Regulatory bridging approach needed to keep e-cigarettes innovations coming

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Regulatory bridging approach needed to keep e-cigarettes innovations coming
News release

05 April 2016

A regulatory mechanism that allows for a bridging approach between different variants of e-cigarettes and other next generation products is needed.

‘Innovation in these product categories is so rapid that it is impractical to create complete new data sets every time a product is tweaked,’ Dr Chris Proctor, Chief Scientific Officer at British American Tobacco told a workshop on biomarkers at the FDA Center for Tobacco Products today.  ‘This would drastically impact the innovation process, the availability of new and improved products and their value in tobacco harm reduction,’ he said.  Proctor proposes that a complete data set should be required for the initial product, but a reduced number of key studies be performed on subsequent novel product variants.  Proctor described biomarkers of potential harm as key to creating foundational datasets that would allow for more focused, smaller numbers of tests to assess product variants compared to the original product.

Many innovations and technological breakthroughs mean that, despite their short history, products like electronic cigarettes have gone through many changes and can now be categorized in multiple generations. Biomarkers of potential harm are biological compounds that predict disease potential.  The mechanism that describes how smoking related diseases occur can be illustrated using what is called an Adverse Outcome Pathway (AOP).  An AOP uses existing knowledge to link key events at a cellular level which results in an adverse outcome eg. Cardiovascular disease.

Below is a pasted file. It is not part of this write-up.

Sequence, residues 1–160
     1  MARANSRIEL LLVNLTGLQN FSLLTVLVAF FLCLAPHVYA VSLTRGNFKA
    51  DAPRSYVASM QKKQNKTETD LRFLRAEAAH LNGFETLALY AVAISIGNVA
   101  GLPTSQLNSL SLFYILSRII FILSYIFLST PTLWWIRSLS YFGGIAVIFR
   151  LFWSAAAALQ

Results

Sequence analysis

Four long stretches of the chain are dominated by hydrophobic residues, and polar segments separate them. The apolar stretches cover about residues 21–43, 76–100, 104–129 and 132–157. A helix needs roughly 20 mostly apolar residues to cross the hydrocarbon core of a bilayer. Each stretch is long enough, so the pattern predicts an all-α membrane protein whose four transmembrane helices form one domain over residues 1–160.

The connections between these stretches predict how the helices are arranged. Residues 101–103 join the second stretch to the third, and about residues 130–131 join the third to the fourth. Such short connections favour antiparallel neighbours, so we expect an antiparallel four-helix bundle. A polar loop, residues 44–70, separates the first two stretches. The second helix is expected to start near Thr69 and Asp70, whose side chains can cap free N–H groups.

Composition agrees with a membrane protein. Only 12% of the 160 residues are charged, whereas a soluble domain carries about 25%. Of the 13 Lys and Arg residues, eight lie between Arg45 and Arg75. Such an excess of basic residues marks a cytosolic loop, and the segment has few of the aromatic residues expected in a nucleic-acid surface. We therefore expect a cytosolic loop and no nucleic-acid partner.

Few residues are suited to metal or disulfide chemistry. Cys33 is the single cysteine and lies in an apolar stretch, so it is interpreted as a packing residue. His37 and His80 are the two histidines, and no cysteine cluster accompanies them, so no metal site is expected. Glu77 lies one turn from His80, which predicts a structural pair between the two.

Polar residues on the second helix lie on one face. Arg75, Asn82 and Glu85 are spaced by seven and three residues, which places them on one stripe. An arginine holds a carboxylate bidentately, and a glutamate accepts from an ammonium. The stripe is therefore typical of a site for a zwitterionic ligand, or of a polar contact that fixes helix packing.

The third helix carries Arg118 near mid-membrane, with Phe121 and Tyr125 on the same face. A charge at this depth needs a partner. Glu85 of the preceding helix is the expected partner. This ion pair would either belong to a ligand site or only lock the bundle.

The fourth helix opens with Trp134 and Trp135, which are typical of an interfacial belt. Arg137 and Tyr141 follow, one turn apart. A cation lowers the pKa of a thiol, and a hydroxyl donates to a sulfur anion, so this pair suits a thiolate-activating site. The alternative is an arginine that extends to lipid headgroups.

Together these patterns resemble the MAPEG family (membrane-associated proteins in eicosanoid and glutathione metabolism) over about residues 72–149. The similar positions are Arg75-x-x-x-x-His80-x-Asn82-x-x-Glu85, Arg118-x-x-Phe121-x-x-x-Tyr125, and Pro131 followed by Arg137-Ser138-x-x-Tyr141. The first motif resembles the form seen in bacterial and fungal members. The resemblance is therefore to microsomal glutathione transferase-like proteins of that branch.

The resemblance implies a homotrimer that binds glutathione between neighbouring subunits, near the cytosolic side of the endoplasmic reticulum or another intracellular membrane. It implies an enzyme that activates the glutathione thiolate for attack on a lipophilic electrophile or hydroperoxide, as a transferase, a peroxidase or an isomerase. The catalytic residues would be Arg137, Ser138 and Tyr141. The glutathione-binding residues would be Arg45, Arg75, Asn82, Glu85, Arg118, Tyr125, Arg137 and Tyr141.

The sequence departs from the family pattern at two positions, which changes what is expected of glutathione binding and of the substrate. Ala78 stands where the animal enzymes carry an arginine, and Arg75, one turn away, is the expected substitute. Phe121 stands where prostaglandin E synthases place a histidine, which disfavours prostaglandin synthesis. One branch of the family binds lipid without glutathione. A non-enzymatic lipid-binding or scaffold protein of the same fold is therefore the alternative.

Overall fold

By establishing the key events for smoking-related diseases, it is possible to identify human and in vitro biomarkers to evaluate the reduced risk potential of novel nicotine and tobacco products in comparison to cigarette smoking.  The integration of these biomarkers along an AOP will enable the assessment of the reduced risk potential of novel tobacco and nicotine products.

‘Once you build the initial science package, a reduced number of tests should be sufficient to support subsequent product tweaks, Proctor said.  These tests could focus on, for example, ensuring that there is no increase in toxicants in the vapour; that the product remains stable over time, that the reduced risk potential of the products has not been altered and that consumers are not likely to use more of the newer product. 

This could have multiple benefits in minimising the use of human subjects, developing efficient, intelligent testing strategies, reducing the burden on the regulator and enabling a more efficient route for the assessment of these products to realise their potential of reducing risk.

‘We should be able to rely on manufacturers to provide useful data to support their products,’ Proctor said.  Many in the public health community believe that e-cigarettes represent an historical opportunity to save millions of lives and drastically reduce the public health burden of smoking-related diseases.  Public Health England, an executive body of the UK Department of Health, recently published a report saying that e-cigarettes are 95% safer than cigarettes and that they are an important tool to help smokers quit altogether.  That e-cigarettes are safer than conventional cigarettes is a view that is also supported by other groups, such as Action on Smoking and Health and Cancer Research UK.



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